AS U can see I detest the media but am passionate about Colombia.


  2. If you enjoy quality radio you should listen to ‘Conversations with Richard Fidler’. He is a broadcaster on Australian government network ABC. Podcast can be found on itunes. Critically acclaimed as the best long form interviewer in the world.
    Recently found your blog and interetsed as I moved to BAQ with my wife and son from Australia in April, although I spend the week working in SM. Enjoy.


    • Thanks for the tip! I will definitely check out that podcast… I really do love great radio. How are you liking BAQ so far? We have met more than one Australian here. Hope you all are settled in and feeling at home.


      • All of the guidebooks advise that Barranquilla be give a wide berth, except at Carnival. This is why Barranquilla becomes a more desirable expat existence. To find other non Colombians requires knowing an Expat community or a stroke of coincidence. For us coming to Colombia was to become Colombian and not be a extension of a culture and comfortable existence elsewhere.

        Having said that, as you have eloquently described, living in BAQ is not without significant challenge. We are lucky that we have had company support and the support of the local people in that company, as well as a tight small expat community. To come to Colombia with no Spanish and no local point of reference would be almost an impossible task. The bureaucracy is often mindbogglingly illogical at best.

        Our son goes to a local, but ‘well to do’ school and enjoys it as much as his school in Australia. It is mostly taught in English but expats number only about a dozen out of 600, so it is a genuinely local if privileged experience.

        Sorry to hear of your experience at Electricaribe Park. My wife and I exercise there sometimes. We have not experienced any security concerns ourselves in Colombia, but have some protection which maybe helps.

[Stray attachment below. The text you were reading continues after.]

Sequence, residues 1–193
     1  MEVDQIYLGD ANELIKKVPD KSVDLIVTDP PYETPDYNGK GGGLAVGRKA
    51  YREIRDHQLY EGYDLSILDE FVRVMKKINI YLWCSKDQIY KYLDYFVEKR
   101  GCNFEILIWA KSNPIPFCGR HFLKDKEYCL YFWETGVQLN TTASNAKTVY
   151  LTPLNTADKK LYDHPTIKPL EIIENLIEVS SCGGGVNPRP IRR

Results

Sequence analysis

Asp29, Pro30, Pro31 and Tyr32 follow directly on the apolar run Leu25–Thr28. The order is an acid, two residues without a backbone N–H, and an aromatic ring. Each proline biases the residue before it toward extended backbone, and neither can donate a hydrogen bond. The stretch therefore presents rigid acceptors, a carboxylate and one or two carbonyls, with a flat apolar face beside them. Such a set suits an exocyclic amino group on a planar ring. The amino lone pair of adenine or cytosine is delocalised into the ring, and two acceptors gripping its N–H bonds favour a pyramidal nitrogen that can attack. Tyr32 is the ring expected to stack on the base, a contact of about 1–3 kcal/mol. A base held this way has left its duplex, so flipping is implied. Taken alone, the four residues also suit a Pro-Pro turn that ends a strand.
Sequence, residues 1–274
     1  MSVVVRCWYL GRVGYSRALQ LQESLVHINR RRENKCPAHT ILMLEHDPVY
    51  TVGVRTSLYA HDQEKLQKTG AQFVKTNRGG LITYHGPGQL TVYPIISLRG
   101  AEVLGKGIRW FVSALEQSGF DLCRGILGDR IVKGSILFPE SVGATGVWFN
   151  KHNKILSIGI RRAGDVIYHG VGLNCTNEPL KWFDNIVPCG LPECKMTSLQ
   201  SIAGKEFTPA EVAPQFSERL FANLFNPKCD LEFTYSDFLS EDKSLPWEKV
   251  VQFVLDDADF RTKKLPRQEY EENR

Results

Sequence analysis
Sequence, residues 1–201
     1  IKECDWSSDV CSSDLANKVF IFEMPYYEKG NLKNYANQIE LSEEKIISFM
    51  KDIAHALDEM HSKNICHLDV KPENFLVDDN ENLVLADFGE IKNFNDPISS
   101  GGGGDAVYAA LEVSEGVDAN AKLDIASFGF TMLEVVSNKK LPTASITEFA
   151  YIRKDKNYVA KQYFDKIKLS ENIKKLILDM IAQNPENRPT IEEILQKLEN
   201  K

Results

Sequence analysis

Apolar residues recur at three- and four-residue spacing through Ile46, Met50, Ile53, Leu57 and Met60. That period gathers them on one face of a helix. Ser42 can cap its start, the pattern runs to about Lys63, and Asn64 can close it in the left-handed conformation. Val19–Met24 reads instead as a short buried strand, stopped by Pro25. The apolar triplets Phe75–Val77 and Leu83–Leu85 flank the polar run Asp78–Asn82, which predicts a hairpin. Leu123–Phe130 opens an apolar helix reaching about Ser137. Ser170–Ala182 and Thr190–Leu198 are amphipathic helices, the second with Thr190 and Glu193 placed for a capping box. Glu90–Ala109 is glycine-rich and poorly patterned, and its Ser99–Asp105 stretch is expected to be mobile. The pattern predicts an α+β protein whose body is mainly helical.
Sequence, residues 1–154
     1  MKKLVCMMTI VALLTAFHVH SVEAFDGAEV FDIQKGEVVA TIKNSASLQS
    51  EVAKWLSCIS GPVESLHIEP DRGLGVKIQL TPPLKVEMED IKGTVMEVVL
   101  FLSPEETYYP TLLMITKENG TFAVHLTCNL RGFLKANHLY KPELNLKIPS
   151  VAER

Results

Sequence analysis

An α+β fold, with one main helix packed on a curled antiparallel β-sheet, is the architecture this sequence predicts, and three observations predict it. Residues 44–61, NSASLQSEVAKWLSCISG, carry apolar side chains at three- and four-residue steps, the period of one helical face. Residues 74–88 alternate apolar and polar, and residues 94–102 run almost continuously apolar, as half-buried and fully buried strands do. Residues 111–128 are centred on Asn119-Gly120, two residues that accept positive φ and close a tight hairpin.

One day I will get sufficiently motivated (or time) to jot down some of our tips and experiences living in BAQ and Santa Marta, but in the meantime will leech on your superior blog.


      • Thank you so much for your thoughtful comment, Darren. I totally get what you are saying about wanting an authentic experience. I agree with you that being able to access a genuinely local life is one of the advantages of living in Barranquilla. I also agree with the challenges of navigating the bureaucracy. Without the family that we have here, and without the help of a couple of friends that we made quickly, I don’t know how we would have run the gauntlet of getting our life “transferred” to here.

        If you’d ever like to write up your tips and experiences as a guest post for this blog, I would love that! I receive email inquiries on occasion from people who are considering moving to Santa Marta, but my insights for that locale are very limited. In any case, should you need a forum for your thoughts with regard to both BAQ and Santa Marta, you have one on this blog anytime. Just let me know! – Courtenay